Few writings are more often cited as a cornerstone of modern economic thought than those of Adam Smith. Few are less read.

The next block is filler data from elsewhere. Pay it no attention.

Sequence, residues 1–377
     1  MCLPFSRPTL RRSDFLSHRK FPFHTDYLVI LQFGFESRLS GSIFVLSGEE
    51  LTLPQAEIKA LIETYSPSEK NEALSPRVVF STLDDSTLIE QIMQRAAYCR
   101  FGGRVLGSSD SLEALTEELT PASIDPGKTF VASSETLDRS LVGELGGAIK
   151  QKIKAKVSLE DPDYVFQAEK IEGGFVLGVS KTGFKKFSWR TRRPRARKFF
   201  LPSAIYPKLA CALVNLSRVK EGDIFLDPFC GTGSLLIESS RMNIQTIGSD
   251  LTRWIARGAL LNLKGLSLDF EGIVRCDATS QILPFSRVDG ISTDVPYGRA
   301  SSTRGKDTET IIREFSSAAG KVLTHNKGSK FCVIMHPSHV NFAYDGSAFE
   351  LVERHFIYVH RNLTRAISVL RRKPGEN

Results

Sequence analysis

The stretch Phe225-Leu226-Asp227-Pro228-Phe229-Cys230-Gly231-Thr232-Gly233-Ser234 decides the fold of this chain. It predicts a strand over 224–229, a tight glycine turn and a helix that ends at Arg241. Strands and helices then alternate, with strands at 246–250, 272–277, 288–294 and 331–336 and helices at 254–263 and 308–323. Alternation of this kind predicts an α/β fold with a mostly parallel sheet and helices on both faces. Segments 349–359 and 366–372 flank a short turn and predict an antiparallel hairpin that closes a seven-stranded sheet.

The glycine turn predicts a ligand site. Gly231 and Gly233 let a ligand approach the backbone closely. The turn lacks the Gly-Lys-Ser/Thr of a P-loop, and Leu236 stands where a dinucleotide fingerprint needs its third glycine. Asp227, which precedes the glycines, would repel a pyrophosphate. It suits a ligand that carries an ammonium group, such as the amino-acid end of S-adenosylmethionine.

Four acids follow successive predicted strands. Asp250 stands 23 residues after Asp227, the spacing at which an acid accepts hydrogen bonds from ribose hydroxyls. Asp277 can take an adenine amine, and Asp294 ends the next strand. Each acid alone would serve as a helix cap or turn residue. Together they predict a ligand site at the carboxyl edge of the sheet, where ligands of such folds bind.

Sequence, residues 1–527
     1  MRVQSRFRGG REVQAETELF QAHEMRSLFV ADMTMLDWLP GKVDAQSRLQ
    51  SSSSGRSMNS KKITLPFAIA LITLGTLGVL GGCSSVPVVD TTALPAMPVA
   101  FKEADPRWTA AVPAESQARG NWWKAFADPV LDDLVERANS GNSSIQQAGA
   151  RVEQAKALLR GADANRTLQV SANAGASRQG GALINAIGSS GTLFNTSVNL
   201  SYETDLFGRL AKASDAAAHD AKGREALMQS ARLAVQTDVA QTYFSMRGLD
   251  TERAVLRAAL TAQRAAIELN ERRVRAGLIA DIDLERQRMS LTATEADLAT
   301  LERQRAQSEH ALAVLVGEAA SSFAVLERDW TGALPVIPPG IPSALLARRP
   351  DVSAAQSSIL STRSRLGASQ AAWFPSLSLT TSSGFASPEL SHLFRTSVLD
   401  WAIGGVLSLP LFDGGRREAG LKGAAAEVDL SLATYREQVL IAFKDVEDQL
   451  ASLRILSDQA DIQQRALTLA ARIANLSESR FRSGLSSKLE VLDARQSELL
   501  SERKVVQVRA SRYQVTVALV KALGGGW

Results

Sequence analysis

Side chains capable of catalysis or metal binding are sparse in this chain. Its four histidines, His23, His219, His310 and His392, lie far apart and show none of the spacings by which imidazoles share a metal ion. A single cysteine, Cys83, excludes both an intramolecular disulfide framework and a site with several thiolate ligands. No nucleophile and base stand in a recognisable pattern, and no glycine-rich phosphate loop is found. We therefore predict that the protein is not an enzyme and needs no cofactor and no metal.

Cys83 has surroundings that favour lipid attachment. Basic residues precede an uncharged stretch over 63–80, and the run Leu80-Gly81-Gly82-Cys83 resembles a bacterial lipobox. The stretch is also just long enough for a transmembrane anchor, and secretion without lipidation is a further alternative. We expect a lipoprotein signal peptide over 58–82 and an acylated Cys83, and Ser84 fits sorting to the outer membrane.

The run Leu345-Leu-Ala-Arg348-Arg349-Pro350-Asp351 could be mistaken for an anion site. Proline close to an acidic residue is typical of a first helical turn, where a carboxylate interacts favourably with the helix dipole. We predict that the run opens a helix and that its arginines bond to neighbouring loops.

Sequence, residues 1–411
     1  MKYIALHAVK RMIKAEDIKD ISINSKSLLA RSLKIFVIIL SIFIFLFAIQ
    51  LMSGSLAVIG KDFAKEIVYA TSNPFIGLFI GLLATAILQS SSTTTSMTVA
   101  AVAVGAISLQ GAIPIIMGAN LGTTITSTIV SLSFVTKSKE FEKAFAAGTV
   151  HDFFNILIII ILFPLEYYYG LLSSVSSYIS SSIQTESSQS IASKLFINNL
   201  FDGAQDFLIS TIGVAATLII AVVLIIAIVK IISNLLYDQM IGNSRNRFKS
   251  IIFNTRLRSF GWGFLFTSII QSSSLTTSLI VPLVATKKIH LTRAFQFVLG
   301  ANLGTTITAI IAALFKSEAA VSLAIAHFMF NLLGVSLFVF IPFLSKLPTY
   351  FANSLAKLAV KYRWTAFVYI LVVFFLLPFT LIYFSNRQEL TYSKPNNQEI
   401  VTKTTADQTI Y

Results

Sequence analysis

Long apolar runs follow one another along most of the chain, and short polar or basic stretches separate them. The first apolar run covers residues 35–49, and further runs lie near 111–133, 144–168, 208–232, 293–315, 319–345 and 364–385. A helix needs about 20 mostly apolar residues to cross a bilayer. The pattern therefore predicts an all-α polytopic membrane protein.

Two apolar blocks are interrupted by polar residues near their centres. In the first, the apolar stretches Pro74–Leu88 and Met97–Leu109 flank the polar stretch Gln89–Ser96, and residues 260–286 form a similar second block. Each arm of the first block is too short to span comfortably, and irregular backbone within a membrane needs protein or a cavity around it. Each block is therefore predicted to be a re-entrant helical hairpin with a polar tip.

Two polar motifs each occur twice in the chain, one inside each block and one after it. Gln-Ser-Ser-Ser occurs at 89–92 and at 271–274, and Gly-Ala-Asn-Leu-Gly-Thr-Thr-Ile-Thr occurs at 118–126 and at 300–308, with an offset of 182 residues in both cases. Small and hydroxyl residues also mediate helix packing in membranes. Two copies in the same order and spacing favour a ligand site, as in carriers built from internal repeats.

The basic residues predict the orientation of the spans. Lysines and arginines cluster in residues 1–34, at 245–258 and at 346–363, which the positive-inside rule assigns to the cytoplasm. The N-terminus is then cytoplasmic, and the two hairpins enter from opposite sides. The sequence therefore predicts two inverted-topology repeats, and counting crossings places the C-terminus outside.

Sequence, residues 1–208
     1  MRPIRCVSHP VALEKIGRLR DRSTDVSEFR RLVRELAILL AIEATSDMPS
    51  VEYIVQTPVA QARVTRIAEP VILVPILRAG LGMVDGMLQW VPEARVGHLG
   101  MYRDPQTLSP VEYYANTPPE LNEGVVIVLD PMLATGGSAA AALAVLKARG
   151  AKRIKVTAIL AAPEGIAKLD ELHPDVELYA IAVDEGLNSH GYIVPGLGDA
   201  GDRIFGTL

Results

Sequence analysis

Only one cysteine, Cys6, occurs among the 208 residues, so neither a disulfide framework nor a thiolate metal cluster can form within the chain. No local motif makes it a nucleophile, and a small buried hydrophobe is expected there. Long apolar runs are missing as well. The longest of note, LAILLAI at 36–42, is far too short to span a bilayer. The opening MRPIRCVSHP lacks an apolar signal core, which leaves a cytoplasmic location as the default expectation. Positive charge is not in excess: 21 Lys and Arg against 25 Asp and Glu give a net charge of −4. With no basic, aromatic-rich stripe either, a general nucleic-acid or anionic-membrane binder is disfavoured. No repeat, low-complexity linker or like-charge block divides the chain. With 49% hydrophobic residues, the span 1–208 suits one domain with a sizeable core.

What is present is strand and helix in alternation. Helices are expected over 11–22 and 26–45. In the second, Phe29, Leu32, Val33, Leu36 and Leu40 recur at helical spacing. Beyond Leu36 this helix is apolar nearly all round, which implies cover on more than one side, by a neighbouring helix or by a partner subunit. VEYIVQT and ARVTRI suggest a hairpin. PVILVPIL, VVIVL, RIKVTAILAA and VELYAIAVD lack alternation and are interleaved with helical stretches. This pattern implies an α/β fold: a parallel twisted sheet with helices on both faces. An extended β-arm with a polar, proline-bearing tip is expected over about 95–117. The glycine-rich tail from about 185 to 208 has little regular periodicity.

Founding father of economic conservatism, Smith nevertheless sympathized with the working class and scorned landlords and other capitalists whom he deemed incapable of heeding public regulations. Today his books are frequently quoted yet seldom read. To remedy this situation, Heilbroner (The Worldly Philosophers has done an admirable job of abridging The Wealth of Nations and Smith's other major writings. Current debate has centered on Smith's theory of the ``Invisible Hand,'' the self-regulating mechanism of a free-market economy, which has proved increasingly irrelevant in the face of structural unemployment and large-scale industry. But Heilbroner points out that the Invisible Hand, far more than a ghostly economic planner, was meant to provide the underpinnings for a workable system of social and moral order. Heilbroner emphasizes that Smith was far less optimistic than many people assume; though he considered capitalism the basis for personal freedom, he expected that both the propertied class and the workers would push for their narrow self-interests. The skillfully edited selections cut through Smith's cant and rhetoric. (April 28)